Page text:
Are Mites That Feed on Dogs Visible to the Naked Eye?

by Tammy Quinn Mckillip
Dogs love rolling in the sand, but the beach is an easy place to pick up parastic mites.

Dogs love rolling in the sand, but the beach is an easy place to pick up parastic mites.

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Your dog is vulnerable to mites every time he goes outside or encounters a pet that has outdoor access. These tiny parasites can cause itching and skin disorders that could become serious. What's more -- they are easily spread to other members of your household. Some mites, though tiny, are visible with the naked eye. Even microscopic mites may leave a trail of evidence on or near the surface of your dog's skin. Learn to recognize the signs of mites quickly as your first line of defense against mange or dermatitis.

Four Types of Mange Mites

Though they are sometimes microscopic, the four types of mites that cause mange leave strong evidence of their infestation on your dog. Sarcoptic mites nestle into the skin near your dog's ears or eyes and may make your pet so itchy that she scratches obsessively at her fur, ultimately leaving large bald spots, crusty, smelly scabs or oozing open sores. If your dog has sarcoptic mites, she will most likely have an unpleasant odor. Her mites can easily spread to your other pets and may cause scabies in humans. Demodectic mites, which are sometimes hereditary, will burrow in near the fur follicles and cause intense itching or infected pustules. Cheyletiella mites are sometimes called walking dandruff due to their white, scaly appearance on the skin and the fact that they are moving. They contribute to dry, itchy, scaly skin on your dog, who may lick excessively to relieve the itch. Harvest mites, which feed on your dog's paws or legs, are red, about the size of a pinhead and visible to the naked eye. If your dog licks at her feet excessively during the summer or autumn, she may have harvest mites.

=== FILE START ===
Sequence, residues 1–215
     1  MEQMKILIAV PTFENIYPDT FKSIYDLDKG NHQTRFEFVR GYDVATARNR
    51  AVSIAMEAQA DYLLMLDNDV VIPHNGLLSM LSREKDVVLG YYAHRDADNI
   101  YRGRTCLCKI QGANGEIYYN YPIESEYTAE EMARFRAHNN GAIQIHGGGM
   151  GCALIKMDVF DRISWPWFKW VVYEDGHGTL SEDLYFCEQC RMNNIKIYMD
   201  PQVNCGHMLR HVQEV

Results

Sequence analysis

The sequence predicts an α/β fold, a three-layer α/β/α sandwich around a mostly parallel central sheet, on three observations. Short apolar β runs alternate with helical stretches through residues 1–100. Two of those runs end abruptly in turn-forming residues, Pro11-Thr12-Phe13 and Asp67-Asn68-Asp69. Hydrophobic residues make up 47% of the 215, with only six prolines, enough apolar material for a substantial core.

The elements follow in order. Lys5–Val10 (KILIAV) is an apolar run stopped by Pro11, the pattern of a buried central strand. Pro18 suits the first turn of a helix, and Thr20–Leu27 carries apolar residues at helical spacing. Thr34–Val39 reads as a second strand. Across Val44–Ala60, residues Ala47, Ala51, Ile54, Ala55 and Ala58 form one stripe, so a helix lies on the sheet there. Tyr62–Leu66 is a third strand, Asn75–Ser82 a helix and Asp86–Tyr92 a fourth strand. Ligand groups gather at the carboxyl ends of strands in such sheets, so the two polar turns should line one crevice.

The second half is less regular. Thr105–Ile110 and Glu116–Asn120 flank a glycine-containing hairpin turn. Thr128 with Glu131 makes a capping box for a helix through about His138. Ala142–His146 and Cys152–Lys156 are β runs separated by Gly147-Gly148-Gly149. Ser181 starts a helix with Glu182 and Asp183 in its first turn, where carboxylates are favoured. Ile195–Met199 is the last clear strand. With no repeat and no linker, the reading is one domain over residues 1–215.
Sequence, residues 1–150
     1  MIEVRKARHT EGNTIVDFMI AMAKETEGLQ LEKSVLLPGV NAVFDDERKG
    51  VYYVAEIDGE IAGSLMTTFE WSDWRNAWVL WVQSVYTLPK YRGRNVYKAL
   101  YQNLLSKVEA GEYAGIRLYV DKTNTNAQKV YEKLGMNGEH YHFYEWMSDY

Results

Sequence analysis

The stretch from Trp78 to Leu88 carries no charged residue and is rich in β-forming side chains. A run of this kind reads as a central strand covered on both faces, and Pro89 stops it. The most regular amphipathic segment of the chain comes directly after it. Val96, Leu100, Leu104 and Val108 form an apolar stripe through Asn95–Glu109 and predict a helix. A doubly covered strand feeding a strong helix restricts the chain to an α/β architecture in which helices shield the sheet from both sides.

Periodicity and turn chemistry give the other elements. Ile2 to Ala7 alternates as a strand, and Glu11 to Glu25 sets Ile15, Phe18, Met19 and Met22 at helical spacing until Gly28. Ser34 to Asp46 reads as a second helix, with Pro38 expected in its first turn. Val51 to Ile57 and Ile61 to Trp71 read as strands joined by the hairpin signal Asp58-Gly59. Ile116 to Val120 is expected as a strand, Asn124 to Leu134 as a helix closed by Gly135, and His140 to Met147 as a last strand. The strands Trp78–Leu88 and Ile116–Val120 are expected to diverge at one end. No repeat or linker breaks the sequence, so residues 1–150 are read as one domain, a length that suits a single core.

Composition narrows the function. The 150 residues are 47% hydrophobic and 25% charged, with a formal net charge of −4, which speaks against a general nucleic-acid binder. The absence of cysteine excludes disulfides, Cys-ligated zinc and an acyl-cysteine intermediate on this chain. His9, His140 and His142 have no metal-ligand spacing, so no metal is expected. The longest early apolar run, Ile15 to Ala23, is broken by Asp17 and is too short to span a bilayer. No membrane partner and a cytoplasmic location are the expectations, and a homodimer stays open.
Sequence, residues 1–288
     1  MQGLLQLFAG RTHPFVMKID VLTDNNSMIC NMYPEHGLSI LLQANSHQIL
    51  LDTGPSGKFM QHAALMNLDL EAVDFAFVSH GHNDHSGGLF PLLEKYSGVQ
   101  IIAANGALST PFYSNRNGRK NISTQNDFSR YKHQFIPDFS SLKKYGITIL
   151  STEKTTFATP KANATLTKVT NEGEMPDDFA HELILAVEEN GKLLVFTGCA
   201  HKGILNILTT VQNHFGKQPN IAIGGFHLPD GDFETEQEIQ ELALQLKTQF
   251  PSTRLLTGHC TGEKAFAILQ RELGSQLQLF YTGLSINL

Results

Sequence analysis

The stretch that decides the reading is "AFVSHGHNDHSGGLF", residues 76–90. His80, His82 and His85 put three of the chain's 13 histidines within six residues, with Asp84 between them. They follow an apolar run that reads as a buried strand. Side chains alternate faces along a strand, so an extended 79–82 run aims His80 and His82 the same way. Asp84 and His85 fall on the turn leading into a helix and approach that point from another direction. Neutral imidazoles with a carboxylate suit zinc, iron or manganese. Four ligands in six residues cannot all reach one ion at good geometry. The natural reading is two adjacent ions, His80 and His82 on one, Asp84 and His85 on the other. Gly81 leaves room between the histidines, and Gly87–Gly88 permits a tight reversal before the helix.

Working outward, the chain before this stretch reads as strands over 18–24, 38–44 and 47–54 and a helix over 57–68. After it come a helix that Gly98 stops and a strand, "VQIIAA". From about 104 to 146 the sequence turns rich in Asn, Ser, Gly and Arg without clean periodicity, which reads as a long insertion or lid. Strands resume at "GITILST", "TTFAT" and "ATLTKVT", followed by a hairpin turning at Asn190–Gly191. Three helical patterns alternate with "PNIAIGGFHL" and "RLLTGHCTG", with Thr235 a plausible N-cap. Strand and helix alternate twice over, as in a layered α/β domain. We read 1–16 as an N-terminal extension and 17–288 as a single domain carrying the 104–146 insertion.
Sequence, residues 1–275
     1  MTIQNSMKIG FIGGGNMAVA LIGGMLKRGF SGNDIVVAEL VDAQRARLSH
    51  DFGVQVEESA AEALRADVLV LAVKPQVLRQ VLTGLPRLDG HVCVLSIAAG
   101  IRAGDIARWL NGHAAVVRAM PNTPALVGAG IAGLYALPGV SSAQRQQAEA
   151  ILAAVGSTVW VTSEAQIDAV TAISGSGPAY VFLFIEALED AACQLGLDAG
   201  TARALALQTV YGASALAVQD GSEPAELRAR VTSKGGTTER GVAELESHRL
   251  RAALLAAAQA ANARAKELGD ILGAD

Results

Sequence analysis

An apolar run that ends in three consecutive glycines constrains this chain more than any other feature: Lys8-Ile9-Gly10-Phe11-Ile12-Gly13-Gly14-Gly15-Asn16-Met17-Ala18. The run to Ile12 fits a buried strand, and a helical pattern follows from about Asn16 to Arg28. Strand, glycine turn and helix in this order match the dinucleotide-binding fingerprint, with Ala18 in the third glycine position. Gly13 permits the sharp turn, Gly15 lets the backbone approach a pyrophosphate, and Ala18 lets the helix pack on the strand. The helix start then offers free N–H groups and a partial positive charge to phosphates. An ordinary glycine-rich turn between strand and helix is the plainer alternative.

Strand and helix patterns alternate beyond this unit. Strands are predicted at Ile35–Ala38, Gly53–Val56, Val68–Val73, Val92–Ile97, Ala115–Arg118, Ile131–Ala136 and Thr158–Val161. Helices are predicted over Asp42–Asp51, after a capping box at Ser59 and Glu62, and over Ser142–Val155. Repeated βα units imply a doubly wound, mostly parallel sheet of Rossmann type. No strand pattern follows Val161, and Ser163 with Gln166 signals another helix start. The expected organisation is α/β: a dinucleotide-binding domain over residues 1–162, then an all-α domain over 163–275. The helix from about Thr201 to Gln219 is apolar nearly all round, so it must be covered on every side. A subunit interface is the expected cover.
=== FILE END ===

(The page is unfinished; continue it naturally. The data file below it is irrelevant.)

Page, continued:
Barely Visible Ear Mites

Ear mites are tiny white parasites that nest in your dog's ear wax. They are visible to the naked eye, but they move very slowly and are so light in color that you may miss them at first. If your dog shakes his head and paws or scratches at his ears, he may have picked up ear mites. Household cats are also frequent carriers of these opportunistic little parasites.

Treating Mange Mites

If mange mites are suspected, your veterinarian will most likely take a scraped sample of your dog's skin to examine under a microscope, even when mite evidence is visible to the naked eye. Sarcoptic and demodectic mange mites are easily treated with medicated shampoo. You may wish to replace your pet's bedding, though these mites will not live for very long off the host. Cheyletiella mites have a longer life cycle and may need to be treated over several weeks to ensure that all the larvae and mites have been completely eradicated. Thoroughly wash or destroy your dog's bedding to reduce the chance of re-infestation. Since mites are easily passed from pet to pet, isolate your dog as much as possible until the problem has been resolved and look closely at other household pets for evidence of mite infestation.

Treating Harvest and Ear Mites

Harvest mites are easily treated with a few doses of medicated shampoo. Check your dog's paws and legs after shampooing to be sure the tiny red mites have all been removed. Treat ear mites with special medicated drops and gently remove wax buildup on your dog's ear with a cotton swab. Monitor the mite situation with frequent visual inspections of your dog's ears.

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